Reactive arthritis is pain and inflammation of a joint
that is caused by an infection in another part of your body.
Certain sexually transmitted diseases can cause pain and inflammation in your knee, hip, or other joint.
The Theory is:
It is thought that an infection in one area of your body somehow triggers an immune response in another part of your body.
How this occurs seems to vary from one person to another and this is the subject of much research.
Most Commonly Affected
Most commonly affected joints include your knees, ankles, and feet. It may also affect the heels, fingers, toes, and the joints of the low back.
The most common triggers for this reactive response are infections of the intestines, urinary tract and genitals.
Conjunctivitis is seen in
Image thanks to Daemonanyndel, via Wikimedia Commons
Symptoms of Reactive Arthritis include the symptoms of arthritis with pain, swelling, inflammation, and heat in one or more joints. In some cases the arthritis may be your only symptom.
However, you may also experience symptoms of the infection that is causing the arthritis.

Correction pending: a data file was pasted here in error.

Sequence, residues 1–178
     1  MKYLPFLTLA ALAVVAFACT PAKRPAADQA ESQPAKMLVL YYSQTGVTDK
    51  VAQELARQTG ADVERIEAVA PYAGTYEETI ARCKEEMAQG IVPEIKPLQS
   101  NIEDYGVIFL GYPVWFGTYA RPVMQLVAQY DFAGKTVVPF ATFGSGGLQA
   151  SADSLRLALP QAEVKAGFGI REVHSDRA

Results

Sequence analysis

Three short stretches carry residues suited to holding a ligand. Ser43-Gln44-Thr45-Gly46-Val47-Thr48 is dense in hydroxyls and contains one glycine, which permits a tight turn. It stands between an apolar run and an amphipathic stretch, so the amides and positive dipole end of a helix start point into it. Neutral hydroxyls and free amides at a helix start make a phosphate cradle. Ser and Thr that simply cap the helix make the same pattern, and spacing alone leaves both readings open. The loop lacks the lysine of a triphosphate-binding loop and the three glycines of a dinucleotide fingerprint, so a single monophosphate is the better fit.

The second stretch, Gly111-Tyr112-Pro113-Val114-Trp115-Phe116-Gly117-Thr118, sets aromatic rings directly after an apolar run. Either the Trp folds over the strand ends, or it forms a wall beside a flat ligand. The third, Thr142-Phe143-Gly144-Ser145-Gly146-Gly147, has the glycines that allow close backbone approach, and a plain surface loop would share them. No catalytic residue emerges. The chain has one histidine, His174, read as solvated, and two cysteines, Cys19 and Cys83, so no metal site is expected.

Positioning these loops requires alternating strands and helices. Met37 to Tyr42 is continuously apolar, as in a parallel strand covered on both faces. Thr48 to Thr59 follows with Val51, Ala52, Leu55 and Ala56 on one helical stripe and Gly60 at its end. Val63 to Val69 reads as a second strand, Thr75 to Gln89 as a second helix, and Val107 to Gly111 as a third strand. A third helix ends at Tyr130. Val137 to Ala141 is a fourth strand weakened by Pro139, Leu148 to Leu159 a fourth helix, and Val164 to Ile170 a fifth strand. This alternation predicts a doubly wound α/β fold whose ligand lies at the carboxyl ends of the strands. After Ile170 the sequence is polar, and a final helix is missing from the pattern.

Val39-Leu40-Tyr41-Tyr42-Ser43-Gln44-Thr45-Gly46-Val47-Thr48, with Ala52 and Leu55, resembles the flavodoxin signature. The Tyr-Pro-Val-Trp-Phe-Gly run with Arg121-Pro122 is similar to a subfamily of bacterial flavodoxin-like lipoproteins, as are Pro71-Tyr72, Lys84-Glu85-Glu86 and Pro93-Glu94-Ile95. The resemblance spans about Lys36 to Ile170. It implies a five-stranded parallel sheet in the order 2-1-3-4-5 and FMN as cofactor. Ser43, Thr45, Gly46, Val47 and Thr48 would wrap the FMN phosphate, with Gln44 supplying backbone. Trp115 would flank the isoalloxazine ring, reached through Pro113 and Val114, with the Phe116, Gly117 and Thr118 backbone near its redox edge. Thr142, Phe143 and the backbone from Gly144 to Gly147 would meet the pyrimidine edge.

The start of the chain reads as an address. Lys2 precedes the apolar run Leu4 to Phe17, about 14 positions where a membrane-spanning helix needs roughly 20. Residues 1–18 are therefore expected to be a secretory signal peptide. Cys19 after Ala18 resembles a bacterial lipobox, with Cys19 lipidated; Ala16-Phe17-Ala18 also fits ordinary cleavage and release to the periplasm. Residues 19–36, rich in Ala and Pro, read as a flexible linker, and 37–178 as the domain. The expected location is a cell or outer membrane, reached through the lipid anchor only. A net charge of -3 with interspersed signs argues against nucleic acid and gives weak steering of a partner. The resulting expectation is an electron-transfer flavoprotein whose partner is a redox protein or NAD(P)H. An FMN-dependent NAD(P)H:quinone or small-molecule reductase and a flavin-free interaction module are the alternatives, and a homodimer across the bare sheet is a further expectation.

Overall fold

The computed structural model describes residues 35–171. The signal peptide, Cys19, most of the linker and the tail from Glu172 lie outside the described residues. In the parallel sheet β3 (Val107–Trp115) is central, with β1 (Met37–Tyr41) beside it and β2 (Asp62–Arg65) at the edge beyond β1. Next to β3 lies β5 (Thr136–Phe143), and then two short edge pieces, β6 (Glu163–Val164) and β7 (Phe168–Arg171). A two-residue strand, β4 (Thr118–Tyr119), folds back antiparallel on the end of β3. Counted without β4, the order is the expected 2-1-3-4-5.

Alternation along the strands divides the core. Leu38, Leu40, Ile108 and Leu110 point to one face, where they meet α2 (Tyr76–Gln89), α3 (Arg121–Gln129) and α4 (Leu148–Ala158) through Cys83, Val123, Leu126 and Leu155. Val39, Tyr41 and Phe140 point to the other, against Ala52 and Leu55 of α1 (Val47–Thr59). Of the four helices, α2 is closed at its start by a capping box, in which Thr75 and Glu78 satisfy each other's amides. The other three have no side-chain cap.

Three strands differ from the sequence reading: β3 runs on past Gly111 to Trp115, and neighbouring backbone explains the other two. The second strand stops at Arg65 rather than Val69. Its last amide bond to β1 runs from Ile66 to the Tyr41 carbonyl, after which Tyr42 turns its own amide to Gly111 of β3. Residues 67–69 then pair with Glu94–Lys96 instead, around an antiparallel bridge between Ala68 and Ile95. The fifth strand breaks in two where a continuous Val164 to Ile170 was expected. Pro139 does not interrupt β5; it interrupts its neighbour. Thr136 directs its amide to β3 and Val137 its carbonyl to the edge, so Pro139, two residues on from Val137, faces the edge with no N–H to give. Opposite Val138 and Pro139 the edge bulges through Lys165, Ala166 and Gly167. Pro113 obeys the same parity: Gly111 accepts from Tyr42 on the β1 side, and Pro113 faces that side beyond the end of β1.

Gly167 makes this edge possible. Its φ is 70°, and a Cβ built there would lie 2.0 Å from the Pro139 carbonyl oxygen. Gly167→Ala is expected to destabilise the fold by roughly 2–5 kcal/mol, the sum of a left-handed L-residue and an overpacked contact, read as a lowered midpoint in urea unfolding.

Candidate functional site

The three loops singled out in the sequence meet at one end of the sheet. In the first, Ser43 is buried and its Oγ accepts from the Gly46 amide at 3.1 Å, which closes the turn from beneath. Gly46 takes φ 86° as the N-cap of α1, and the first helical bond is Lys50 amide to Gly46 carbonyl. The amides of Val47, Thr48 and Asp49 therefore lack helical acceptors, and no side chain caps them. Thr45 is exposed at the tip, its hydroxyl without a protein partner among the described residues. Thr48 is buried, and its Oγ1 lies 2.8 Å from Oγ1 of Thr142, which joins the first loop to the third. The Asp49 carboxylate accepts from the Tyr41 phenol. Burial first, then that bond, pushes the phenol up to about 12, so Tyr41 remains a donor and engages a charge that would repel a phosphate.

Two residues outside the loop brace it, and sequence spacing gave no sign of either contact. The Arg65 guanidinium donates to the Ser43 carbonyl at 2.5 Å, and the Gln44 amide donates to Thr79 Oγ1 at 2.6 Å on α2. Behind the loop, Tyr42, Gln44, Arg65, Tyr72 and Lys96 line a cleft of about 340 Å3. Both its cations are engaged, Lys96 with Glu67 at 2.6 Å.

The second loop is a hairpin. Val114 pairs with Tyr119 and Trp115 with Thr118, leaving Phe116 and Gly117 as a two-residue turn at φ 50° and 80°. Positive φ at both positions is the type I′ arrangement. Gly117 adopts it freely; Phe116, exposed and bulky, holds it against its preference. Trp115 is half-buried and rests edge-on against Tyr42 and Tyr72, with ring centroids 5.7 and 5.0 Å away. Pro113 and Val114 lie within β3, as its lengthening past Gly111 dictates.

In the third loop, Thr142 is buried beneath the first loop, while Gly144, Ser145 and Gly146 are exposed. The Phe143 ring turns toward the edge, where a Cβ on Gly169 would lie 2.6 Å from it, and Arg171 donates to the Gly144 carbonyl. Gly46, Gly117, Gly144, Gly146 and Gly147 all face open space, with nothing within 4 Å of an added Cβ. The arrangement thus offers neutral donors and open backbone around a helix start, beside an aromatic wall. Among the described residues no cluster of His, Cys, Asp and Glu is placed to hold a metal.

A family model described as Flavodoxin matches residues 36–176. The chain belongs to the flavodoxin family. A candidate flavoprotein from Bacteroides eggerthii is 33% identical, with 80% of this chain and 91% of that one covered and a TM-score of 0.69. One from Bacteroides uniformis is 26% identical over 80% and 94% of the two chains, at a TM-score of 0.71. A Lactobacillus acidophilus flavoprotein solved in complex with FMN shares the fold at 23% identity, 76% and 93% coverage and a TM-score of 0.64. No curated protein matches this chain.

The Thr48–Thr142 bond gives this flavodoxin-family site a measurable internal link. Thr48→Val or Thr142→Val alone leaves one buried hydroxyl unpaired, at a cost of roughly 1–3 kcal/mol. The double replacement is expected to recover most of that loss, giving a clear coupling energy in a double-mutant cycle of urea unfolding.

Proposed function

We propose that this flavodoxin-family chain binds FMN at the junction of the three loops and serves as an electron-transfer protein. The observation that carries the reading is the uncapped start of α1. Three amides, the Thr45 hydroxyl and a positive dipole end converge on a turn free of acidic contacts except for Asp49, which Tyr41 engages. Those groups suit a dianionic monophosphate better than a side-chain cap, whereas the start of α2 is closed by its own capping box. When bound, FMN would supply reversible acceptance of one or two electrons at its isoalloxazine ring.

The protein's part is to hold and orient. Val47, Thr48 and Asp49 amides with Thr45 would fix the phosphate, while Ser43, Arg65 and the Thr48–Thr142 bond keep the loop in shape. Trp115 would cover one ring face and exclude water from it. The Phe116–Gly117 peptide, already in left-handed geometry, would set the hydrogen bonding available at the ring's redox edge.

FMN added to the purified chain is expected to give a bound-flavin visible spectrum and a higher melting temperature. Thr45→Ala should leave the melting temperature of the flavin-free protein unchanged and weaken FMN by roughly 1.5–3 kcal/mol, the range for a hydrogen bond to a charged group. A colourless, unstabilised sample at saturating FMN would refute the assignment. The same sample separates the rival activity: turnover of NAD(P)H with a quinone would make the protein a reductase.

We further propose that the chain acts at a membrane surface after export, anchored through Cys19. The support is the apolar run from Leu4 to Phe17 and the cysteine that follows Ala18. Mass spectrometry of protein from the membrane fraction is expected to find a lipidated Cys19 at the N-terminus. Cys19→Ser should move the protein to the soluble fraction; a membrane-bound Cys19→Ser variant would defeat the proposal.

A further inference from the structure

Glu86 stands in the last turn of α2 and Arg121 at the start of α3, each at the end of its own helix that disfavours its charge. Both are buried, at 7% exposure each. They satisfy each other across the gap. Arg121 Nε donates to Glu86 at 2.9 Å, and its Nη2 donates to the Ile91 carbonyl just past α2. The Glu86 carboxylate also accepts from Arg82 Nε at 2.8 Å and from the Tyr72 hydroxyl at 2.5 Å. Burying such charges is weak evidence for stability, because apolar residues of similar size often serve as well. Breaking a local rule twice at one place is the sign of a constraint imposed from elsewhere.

These could be diarrhea, burning with urination, or a watery discharge from your genitals.
Chlamydia and gonorrhea are sexually transmitted diseases that can cause this type of arthritis.
If the chlamydia or gonorrhea infection does not cause any symptoms, the arthritis can be the only indication that you have an STD.
Reiter's Syndrome is an autoimmune disease that develops in response to a bacterial infection. The bacterial infection is most commonly found in the intestines, genitals, or urinary tract.
However, the pain and inflammation will occcur in other areas, and not only your joints. Reiter's Syndrome is a reactive arthritis in your joints that will also cause inflammation in your eyes (conjunctivitis) and urethra (urethritis).
Many cases of these cases of arthritis will be self limiting, meaning that they will go away on their own when the infection is treated. However, chronic infections that are present for months or years can lead to chronic arthritis and joint damage that does not go away.
The first step in treating this type of arthritis is treating any infection that may be causing it.
If your doctor suspects an infection of your bowel, urinary tract, or genitals he may order blood tests or other special test to check for infection.
Non-Steroidal Anti-Inflammatory Drugs (NSAIDs) and Steroid Medications
Medications like ibuprofen and naproxen can relieve pain and reduce the swelling of inflammation. Steroids injected into the joint can be very effective for severe symptoms.